It is already past midnight and procurement is no longer the Cinderella slaving away in the grimy kitchen. Just as surely as the Fairy Godmother recognized Cinderella's true potential. Organisations around the globe are increasingly recognising the strategic role played by the procurement function.
Although it has been considered a necessary but, hardly glamorous process for so long, procurement is increasingly seen as pivotal to business success. According to Hal Sirkin, Senior Partner and Managing Director at The Boston Consulting Group, procurement will assume even greater strategic significance for multinational firms in the future.
For those businesses that had not yet discovered the strategic value of their procurement function, the global uncertainty that we presently live within has been an inevitable eye opener. Clients and customers seeking better value from products and services, impossibility of raising prices, combined with low, declining or disappearing growth prospects are forcing firms to find and focus on areas within their business that can save their eroding bottom lines.
Crisis bring with it opportunities, and in the current business environment, a procurement function ripe for reengineering provides organisations’ with a last frontier in which to find hope and to seek opportunities.
Business process re-engineering
In their 1993 primer on the subject and best-seller, 'Reengineering The Corporation', Michael Hammer and James Champy defined business process re-engineering as a "fundamental rethinking and radical redesign of business process to achieve dramatic improvements in critical measures of performance such as cost, service, and speed”. They recommended systematically starting over and reinventing the way in which work gets done.
Hammer and Champy argued that it was necessary to analyze and redesign workflow within and between enterprises by wiping the slate clean; essentially starting from scratch. This approach was necessary because the design of workflow in most large corporations, they felt, were based on assumptions that may no longer be valid. The assumptions that organisations made long ago about their organisational goals, people and technology may have changed over time. But their business processes may still be stuck in the past. In other words, the business processes required reengineering.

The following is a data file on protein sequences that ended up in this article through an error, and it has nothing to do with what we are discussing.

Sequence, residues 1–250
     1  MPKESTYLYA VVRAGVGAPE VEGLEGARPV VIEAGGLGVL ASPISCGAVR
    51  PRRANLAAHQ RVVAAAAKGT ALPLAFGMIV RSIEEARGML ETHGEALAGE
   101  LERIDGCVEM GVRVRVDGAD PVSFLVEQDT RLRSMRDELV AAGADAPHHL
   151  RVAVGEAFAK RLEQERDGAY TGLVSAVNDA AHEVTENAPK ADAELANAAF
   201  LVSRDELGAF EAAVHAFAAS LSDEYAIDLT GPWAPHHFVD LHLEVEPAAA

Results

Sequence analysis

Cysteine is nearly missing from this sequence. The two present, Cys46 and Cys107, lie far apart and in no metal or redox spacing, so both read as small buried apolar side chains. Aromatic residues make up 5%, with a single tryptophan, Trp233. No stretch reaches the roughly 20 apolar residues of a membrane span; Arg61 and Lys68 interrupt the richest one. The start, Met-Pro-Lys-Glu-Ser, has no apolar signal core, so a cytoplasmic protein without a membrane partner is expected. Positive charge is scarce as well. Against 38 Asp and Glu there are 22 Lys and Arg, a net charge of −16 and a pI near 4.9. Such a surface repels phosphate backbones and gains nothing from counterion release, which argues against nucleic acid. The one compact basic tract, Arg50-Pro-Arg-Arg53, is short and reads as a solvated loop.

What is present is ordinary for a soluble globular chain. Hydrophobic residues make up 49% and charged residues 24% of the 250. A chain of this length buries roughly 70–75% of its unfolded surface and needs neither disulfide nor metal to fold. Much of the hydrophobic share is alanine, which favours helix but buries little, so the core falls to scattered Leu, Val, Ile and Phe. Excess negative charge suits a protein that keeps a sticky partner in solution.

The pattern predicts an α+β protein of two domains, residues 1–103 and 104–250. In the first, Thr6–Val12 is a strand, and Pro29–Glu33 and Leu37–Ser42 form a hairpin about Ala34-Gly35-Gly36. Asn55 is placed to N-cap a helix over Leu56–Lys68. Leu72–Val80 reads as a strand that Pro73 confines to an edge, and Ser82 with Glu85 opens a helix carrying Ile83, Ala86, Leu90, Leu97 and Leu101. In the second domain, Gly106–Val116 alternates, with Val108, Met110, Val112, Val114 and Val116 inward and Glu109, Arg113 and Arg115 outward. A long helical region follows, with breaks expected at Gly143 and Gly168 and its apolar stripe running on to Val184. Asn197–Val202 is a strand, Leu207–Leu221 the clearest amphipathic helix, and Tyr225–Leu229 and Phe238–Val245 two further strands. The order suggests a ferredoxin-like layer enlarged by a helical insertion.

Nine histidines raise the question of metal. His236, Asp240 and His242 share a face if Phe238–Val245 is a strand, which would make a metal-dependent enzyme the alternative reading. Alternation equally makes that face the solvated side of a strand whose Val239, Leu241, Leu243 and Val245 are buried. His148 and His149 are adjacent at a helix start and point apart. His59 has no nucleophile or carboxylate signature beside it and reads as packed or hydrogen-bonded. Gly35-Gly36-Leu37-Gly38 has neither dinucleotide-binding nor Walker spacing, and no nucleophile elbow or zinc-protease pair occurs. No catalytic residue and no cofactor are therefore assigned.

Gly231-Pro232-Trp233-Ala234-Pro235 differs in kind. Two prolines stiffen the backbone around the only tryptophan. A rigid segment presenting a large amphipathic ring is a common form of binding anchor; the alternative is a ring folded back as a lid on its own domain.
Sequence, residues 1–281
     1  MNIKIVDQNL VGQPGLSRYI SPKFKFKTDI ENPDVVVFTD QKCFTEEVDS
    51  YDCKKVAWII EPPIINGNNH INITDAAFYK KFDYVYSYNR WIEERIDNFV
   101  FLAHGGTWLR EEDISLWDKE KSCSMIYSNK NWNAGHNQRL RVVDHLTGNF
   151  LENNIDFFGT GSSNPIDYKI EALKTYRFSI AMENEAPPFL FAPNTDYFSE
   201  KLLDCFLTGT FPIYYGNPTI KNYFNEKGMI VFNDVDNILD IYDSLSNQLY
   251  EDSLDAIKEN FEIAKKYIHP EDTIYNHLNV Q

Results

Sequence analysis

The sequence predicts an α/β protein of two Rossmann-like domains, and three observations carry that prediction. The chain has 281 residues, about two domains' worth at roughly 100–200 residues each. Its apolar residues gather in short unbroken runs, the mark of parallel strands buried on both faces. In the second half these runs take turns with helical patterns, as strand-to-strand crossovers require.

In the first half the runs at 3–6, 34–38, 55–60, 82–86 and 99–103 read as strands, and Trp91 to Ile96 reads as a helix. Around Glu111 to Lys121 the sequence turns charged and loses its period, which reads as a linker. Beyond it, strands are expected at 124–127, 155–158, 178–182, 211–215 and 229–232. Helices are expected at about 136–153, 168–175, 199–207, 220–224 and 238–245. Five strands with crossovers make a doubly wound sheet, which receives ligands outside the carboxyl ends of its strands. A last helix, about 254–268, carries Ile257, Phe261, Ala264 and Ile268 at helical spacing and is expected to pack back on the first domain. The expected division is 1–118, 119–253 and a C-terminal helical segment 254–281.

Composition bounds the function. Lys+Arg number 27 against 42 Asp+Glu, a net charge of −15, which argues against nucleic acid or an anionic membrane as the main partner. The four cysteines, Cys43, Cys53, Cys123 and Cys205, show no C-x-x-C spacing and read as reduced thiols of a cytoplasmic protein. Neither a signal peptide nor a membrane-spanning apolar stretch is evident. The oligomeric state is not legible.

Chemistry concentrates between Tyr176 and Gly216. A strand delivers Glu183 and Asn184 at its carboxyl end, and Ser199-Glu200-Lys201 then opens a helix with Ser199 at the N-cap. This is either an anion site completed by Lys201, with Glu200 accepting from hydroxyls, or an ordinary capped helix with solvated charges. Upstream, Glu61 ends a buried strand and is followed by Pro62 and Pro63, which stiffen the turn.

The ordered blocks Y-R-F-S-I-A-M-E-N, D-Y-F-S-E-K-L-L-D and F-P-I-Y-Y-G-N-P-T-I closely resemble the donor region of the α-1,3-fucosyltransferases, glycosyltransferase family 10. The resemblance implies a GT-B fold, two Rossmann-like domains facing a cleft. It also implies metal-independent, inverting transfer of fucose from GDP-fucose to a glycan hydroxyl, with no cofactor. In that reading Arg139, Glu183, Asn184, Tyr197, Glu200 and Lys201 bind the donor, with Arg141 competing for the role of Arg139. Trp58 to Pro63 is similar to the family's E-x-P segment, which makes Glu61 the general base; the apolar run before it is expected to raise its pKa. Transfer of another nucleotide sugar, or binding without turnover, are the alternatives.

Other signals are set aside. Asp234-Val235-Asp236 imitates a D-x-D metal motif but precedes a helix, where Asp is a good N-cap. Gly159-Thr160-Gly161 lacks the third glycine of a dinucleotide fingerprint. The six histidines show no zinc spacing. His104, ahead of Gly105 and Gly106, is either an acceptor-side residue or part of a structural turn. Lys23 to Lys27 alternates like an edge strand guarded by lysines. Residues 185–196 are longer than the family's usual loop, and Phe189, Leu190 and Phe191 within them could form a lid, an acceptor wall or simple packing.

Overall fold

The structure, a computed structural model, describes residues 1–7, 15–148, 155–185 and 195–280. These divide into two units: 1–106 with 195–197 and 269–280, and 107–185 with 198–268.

Procurement process re-engineering
Procurement process re-engineering, then, is the analysis and redesign of the procurement function of your business to mine hidden strategic value and to bring about dramatic improvements in performance.
Business process re-engineering is not an incremental approach. Instead it aims at total reinvention. In terms of results, business process re-engineering is not for companies that want a 10 percent improvement; it is for companies that seek a ten-fold increase. If you are merely seeking out ways to squeeze out incremental gains from within the procurement function, procurement process re-engineering is not the way to go.
Who needs procurement process reengineering and why?
The business case for business process re-engineering was answered simply by Hammer and Champy, in the opening paragraphs of 'Re-engineering the Corporation':
Not a company exists whose management doesn't say, at least for public consumption, that it wants an organisation flexible enough to adjust quickly to changing market conditions, lean enough to beat any competitor's price, innovative enough to keep its products and services technologically fresh, and dedicated enough to deliver maximum quality and customer service.
So, if management want companies that are lean, nimble, flexible, responsive, competitive, innovative, efficient, customer focused, and profitable, why are so many businesses bloated, clumsy, rigid, sluggish, noncompetitive, uncreative, inefficient, disdainful of customer needs, and losing money? The answer lies in how these companies do their work and why they do it that way. The results companies achieve are often very different from the results that their managements desire…